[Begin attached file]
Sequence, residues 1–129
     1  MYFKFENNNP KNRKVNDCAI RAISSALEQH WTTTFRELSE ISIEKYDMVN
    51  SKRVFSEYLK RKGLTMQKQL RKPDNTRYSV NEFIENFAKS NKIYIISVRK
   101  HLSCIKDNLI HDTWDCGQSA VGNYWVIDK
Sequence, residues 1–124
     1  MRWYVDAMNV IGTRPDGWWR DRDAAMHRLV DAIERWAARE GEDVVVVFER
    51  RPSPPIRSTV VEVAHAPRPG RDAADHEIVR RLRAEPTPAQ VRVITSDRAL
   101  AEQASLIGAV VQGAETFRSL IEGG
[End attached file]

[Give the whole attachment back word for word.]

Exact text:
Sequence, residues 1–129
     1  MYFKFENNNP KNRKVNDCAI RAISSALEQH WTTTFRELSE ISIEKYDMVN
    51  SKRVFSEYLK RKGLTMQKQL RKPDNTRYSV NEFIENFAKS NKIYIISVRK
   101  HLSCIKDNLI HDTWDCGQSA VGNYWVIDK
Sequence, residues 1–124
     1  MRWYVDAMNV IGTRPDGWWR DRDAAMHRLV DAIERWAARE GEDVVVVFER
    51  RPSPPIRSTV VEVAHAPRPG RDAADHEIVR RLRAEPTPAQ VRVITSDRAL
   101  AEQASLIGAV VQGAETFRSL IEGG